If Merida is known as a place filled with Roman culture, a special mention must be made to the Roman Amphitheater.
I think this is without a doubt the most beautiful place in the city for many reasons. First of all, it’s just magnificent. It’s enormous from all angles. One of the best parts about visiting is that you can step on the ancient stands and take a seat. It’s important to keep in mind that we’re talking about a still-living place where they still perform plays. For example, when I was there, there were flyers for an upcoming Isabel Pantoja concert.
But the most special thing about the place is that it has been absolutely splendidly conserved. I mean, come on. They say it’s from 16 A.D. It’s hard to believe that looking at the great state it’s kept in.
It’s considered one of the 12 treasure of Spain, and will good reason. It’s spectacular! And the best is to go and visit it, and see many more corners of the city. After seeing the theater, head over to Merida’s Circus Maximus right next door. It’s another impressive, ancient structure.
The Roman theatre and amphitheatre of Mérida are next to each other and form, in my opinion, the most impressive part of the entire city. And while the theatre is more spectacular and well-preserved, the amphitheatre was much more beloved in its time and was the home to famous gladiator battles and duels between beasts and men.
It was inaugurated in 8B.C. and is formed by a sandy pit that measures 64 by 41 meters. The seats, which are divided into three sections (only two of which remain today), could hold up to 15,000 spectators. There were also two special viewing areas; one for the authorities and the other for the sponsors of the spectacle.
Nowadays, you can explore all the points of the amphitheatre, pass through the various gateways, and tread the sandy pit area. Basically, you can fully enjoy it. You can’t miss it!
If you don’t visit this area when you’re in Mérida, then you aren’t really visiting Mérida.
This summer on my trip to Portugal, we passed through Merida and Emerita Augusta. Everything that can be said about this beautiful city has already been said. Just seeing it in more detail for yourself by spending more than a day there will do you well. August is not one of the best months to visit its monuments and ruins. But the feeling of being in the midst of construction centuries ago briefly makes you forget your troubles. It's also very fun to walk through a modern city and occasionally have bursts where you discover the past. Well don't worry, have a good evening, day, or night, and a bear hug from me hehehe.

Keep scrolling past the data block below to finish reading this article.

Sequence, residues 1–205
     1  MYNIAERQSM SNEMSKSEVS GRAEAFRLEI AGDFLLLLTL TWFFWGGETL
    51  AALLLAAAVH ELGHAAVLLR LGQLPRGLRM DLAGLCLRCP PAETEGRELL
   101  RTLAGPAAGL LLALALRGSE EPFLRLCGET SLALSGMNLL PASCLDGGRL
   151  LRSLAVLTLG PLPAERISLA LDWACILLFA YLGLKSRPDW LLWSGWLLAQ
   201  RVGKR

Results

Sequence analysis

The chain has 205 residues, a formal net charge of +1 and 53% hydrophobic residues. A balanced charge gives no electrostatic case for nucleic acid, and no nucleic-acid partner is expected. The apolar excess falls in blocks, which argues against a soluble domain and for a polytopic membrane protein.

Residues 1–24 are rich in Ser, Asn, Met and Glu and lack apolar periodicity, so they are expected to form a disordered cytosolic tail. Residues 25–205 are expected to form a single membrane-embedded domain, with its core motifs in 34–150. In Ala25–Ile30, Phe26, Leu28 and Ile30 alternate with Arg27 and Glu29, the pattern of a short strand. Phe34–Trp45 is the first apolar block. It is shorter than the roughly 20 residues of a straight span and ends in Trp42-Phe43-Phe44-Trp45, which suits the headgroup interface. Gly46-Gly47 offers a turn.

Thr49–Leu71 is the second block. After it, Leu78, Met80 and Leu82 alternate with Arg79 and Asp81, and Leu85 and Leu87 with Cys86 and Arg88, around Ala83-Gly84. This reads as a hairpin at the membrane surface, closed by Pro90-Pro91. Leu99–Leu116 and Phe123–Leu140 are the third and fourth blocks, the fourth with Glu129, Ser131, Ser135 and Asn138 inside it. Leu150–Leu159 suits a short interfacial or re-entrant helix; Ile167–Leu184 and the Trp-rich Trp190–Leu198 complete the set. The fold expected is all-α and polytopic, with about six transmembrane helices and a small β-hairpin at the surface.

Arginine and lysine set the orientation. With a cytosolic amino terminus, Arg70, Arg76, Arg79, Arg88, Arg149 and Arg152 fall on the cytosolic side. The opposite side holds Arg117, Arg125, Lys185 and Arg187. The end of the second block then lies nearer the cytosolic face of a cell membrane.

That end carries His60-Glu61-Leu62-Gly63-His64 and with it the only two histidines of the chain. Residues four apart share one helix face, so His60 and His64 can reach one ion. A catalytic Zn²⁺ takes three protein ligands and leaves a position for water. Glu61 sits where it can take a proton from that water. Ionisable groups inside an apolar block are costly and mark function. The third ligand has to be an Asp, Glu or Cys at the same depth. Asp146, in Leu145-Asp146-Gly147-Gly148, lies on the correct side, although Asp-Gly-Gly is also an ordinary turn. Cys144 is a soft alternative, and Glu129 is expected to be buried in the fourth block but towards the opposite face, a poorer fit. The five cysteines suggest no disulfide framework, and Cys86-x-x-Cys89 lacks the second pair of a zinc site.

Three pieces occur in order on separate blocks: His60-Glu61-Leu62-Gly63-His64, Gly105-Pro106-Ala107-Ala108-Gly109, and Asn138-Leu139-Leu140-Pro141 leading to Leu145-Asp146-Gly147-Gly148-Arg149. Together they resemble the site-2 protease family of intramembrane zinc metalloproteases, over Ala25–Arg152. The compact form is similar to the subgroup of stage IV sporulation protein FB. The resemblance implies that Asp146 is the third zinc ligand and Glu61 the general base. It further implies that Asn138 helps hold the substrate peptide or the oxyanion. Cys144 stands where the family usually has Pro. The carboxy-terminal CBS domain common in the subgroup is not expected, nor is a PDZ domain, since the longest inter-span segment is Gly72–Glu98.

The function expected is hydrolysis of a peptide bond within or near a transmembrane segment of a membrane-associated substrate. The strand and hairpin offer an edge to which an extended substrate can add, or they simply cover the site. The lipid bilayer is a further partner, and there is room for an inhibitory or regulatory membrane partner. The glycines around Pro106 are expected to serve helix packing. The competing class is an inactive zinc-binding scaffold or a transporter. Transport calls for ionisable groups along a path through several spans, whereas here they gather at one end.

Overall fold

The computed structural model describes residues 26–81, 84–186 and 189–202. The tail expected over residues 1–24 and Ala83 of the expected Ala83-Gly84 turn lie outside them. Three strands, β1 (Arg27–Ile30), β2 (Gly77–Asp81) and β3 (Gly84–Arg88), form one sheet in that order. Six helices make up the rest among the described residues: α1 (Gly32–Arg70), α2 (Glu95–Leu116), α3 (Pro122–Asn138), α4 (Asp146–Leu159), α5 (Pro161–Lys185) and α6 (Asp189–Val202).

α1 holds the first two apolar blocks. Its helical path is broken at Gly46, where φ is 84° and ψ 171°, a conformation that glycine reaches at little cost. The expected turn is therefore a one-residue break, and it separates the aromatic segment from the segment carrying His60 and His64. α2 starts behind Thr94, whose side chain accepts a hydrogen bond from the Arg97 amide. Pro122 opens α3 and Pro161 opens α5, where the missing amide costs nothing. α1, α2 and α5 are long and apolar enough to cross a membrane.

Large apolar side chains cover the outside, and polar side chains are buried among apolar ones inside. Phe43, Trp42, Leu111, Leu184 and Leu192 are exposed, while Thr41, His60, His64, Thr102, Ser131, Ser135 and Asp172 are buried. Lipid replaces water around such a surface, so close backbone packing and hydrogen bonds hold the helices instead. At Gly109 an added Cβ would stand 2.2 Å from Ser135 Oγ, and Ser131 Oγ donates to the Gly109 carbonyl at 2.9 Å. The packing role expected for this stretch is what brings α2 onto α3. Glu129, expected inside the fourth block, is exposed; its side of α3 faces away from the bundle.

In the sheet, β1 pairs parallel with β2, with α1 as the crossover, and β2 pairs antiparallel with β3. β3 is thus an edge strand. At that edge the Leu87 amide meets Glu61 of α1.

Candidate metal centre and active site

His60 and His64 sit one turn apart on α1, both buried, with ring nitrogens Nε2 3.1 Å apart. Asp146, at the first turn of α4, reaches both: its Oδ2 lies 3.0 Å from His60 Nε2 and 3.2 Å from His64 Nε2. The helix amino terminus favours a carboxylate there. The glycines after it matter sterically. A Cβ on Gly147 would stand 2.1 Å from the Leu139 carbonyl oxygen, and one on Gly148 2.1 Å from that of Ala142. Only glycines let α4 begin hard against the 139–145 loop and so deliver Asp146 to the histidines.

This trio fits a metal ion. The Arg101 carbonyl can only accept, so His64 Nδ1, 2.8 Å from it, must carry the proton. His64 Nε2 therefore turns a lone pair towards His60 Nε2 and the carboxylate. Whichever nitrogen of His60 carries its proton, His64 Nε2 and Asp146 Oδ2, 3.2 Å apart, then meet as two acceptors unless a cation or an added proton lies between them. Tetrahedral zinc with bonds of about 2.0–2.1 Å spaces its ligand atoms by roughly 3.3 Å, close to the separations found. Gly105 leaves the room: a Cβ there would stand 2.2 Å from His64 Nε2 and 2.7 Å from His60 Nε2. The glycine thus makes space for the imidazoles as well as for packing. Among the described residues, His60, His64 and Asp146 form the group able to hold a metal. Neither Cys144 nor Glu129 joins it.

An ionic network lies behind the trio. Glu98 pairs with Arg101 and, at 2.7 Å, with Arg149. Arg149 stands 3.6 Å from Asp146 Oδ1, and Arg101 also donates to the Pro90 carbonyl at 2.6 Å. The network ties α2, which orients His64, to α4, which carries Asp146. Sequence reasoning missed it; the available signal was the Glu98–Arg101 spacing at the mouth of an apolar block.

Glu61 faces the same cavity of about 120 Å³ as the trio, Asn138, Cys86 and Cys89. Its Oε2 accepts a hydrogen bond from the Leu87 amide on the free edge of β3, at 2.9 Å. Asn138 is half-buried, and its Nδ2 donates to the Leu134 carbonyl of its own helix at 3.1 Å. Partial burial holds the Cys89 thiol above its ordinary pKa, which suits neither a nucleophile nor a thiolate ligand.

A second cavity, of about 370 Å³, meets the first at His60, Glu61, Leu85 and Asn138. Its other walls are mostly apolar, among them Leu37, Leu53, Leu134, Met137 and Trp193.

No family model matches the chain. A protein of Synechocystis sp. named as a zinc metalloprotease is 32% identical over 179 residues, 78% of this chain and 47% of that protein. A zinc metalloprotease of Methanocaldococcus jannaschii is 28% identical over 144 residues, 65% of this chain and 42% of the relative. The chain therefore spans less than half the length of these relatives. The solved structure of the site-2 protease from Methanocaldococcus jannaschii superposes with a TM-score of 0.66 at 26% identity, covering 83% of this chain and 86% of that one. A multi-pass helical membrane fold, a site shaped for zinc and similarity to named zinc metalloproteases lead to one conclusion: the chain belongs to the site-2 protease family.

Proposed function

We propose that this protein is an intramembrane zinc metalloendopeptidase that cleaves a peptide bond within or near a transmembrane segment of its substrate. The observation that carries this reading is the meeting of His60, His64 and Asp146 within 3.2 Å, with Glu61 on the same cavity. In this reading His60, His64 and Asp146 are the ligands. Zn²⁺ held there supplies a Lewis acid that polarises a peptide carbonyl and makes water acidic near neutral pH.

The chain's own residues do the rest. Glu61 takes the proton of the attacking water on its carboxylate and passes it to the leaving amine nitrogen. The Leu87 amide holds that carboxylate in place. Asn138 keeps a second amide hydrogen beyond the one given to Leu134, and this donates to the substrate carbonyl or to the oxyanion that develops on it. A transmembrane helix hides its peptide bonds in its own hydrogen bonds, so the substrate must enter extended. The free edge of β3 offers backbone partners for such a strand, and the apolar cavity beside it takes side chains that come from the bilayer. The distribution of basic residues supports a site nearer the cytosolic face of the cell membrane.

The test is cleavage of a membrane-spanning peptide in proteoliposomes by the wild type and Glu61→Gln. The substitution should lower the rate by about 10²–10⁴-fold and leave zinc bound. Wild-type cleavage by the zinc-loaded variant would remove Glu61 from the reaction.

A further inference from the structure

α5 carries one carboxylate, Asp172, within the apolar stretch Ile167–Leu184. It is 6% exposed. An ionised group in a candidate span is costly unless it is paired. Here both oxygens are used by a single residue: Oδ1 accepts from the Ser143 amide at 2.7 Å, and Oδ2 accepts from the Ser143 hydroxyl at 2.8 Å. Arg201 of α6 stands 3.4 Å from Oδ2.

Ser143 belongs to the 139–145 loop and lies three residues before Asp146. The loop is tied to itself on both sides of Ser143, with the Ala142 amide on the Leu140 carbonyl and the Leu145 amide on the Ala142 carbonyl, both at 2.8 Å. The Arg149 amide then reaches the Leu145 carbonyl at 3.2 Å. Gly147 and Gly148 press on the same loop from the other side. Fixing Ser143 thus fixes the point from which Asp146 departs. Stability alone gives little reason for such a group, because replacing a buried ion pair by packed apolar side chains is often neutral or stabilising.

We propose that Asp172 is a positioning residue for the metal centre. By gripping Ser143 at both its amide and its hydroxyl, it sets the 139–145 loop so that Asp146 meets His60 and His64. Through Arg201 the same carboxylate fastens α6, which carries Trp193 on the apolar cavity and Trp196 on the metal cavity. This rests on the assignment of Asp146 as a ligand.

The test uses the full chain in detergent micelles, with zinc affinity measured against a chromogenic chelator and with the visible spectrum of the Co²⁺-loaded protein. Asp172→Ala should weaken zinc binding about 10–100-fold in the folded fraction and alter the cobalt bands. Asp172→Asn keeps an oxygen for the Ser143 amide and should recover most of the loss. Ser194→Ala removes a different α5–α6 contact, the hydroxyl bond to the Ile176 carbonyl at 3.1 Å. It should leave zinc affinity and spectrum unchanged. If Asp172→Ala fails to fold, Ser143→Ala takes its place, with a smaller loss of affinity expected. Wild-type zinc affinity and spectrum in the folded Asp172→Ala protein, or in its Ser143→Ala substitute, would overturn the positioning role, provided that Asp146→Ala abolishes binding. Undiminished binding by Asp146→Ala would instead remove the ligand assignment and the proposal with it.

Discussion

Walk around Mérida and discover its streets and architectural monuments is a true adventure. I know the experience because, while going for a walk one afternoon, we found the Temple of Diana full of people.
Two things stood out to me. One, the temple has been extremely well conserved, especially considering the harsh weather and the abuse of inconsiderate visitors. You have to keep in mind that this monument is from the 1st century A.D.
Two, it’s amazing how a monument like this could be found in the middle of a city. Think about it, there’s people who wake up every morning in Mérida and the first thing they see when looking out their window is this temple.
An interesting fact: although it’s dedicated to Diana, it was originally a worship temple for an imperial cult.
Don’t miss out on visiting the temple. It’s breathtaking. I mean, I loved it! The views are even better at night with the lights shining on it.
Badajoz’s most iconic square is the Plaza Alta. It’s found next to the Espantaperros Tower, La Galera, and the Alcazaba in the historic part of the city.
This is a large, rectangular square lined by arches which support buildings decorated in traditional Mudéjar motifs in various colors. It’s amazing!
When the square’s bars set up terraces, it becomes an ideal place to sit down and have a drink. The Plaza Alta is connected with the Plaza of San José by the Peso de Colodrazgo Arch. In the Plaza de San José you can find the Puerta del Capitel (the access door to the Alcazaba), the Mudéjar Homes Museum, and the Convent of the Adoratrices.
Both squares were once the centre of Badajoz and hosted weekly markets.